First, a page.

• Box Office

World Box Office Dec 7- Dec 13

Warner Bros.’ In the Heart of the Sea found itself gasping for air after a disappointing $11 million domestic opening weekend. The movie, which cost approximately $100 million to produce, was expected to take at least $40 million in its opening run on its way to a $100-120 million domestic cumulative. At this rate that sum looks to be out of the picture for Ron Howard’s seafaring epic. Despite a thrice Golden Globe nominated director at the helm and Chris Hemsworth, better known as Thor, in the leading role, this film just wasn’t able to capture America’s younger audiences. 80% of viewers were over 25, with a full 40% over the age of 50. Younger audiences, who are already less inclined to go to the movies than previous generations, sat this one out, presumably saving their time and money for Star Wars: The Force Awakens, which opens in the US next Friday. International audiences were also fairly unreceptive to this Moby Dick origin story. It made a marginally better $12.6 million in 38 overseas markets and reached an international cumulative of $39.9 million. Korea, which was its biggest territory last weekend, dropped 53% for a $5.4 million second frame take. In The Heart of the Sea found surprising success in Italy, reaching a $3.9 million for a repeat second place finish. It came in first in Russia with also $3.9 million and second in Mexico with $3.8 million. With a cumulative of just $50.3 million after two weeks overseas and one at home, Sea seems to be in troubled waters.

The biggest movie on the international markets was the aptly named Chinese picture Surprise: Journey to the West. The action comedy stars Ma Tian Yu and Mike D’Angelo. It made a respectable $17 million in its home market, beating out Warner Bros’ Point Break, which finished second in the Middle Kingdom with $10.6 million.

Next on the international chart, but still number one on the combined ranking, is The Hunger Games: Mockingjay, Part 2. Jennifer Lawrence’s last turn as series heroine Katniss Everdeen showed once again that the young Golden Globe winner and The Hunger Games franchise have what it takes to pack theatres around the world. It added $15.4 million overseas and $11.3 million at home, where it finished first. Mockingjay now sits at a combined domestic and international cumulative of $564 million.

The Good Dinosaur meanwhile continued its march away from extinction. Disney/Pixar’s second film of 2015, which features the voices of Jeffrey Wright, Sam Elliot, Anna Paquin, Frances McDormand and youngster Raymond Ochoa, made $10.5 million in its third weekend at home, dropping 31% from last frame and finishing third. It made $14.3 million abroad, again finishing third, and has now reached a global cumulative of $167 million. While this is on the low side for a Disney/Pixar feature, even moderately successful children’s movies tend to generate substantial revenues many years after their release.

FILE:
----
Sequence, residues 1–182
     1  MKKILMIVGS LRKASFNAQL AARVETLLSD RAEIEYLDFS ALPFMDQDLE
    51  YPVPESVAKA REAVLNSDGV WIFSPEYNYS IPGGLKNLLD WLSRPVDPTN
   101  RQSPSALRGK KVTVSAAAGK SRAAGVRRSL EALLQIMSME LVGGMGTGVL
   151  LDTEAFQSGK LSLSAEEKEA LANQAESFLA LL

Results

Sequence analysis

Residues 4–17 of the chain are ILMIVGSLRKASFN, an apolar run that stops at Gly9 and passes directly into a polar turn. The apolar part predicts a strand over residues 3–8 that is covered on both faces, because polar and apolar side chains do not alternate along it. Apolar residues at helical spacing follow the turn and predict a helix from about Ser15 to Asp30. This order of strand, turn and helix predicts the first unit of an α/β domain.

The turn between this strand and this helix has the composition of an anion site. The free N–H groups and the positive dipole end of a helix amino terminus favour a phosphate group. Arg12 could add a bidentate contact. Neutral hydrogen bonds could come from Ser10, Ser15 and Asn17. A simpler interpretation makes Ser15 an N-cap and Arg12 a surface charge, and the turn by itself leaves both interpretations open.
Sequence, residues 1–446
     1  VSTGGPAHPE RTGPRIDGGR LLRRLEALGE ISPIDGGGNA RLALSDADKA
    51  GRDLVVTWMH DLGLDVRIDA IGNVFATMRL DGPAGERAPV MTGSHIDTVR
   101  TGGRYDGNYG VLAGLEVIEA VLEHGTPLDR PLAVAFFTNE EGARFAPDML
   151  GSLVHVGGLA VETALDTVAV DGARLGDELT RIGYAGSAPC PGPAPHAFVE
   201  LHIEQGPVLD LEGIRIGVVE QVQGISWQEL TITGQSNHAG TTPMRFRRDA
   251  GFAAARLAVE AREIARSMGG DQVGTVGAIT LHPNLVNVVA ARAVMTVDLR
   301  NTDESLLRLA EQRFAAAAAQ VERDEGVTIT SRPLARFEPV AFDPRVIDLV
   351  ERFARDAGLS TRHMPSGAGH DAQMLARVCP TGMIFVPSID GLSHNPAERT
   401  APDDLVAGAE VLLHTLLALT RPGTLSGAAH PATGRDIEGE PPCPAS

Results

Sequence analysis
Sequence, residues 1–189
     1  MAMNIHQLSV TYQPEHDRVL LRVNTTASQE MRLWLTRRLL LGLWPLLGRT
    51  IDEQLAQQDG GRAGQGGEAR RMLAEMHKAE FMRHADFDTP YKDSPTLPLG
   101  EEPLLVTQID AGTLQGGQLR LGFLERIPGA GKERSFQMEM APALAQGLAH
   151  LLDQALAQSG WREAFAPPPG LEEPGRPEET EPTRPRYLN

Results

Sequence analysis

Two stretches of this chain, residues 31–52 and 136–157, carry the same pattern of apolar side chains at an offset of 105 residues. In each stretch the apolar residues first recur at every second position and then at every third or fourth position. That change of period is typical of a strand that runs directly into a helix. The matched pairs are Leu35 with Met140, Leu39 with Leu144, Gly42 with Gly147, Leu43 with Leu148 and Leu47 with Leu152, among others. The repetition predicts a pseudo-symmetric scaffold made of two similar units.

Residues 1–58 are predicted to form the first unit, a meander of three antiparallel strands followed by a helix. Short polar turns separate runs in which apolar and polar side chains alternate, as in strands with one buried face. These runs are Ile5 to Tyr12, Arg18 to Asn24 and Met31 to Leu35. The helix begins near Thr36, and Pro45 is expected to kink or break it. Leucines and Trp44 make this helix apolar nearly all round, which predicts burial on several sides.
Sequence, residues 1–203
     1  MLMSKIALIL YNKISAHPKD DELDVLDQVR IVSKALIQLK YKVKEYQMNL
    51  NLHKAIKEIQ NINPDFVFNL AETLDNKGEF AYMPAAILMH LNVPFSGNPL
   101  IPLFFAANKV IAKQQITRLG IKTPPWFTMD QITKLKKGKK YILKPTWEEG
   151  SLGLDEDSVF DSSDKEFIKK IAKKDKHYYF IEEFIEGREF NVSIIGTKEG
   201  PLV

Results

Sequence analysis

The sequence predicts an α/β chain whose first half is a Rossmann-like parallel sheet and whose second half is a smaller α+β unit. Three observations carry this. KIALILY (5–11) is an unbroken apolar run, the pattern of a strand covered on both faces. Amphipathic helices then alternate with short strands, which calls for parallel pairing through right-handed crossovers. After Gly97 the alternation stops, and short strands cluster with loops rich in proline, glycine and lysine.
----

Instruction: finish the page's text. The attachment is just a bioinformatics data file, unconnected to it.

Now in its second week riding the red wave, Sony’s remake of 1991 cult classic Point Break earned $12.6 million in its sophomore showing in eight Asian markets. China made up the bulk of this at $10.6 million. It has now reached a total of $34.5 million after ten days, and will look to boost those numbers when it opens in North America on Christmas day.

On the specialty market, Adam McKay’s The Big Short enjoyed a magnificent debut with a $90k average from eight screens after receiving four Golden Globe nominations, including Best Picture: Musical or Comedy and Best Screenplay. Based on a book by Moneyball and The Blindside author Michael Lewis, the film centers on a group of outlandish stockbrokers who speculate against America’s biggest banks in the years leading up to the 2008 housing and financial crisis. It stars Christian Bale and Steve Carell, both of whom received Globe nominations in the Best Actor: Musical or Comedy category, along with Margot Robbie, Marissa Tomei, Brad Pitt and Ryan Gosling.

Next weekend of course will be dedicated to Star Wars: The Force Awakens, as we follow just how big Disney’s eagerly anticipated blockbuster will be at home and abroad.

Lorenzo Soria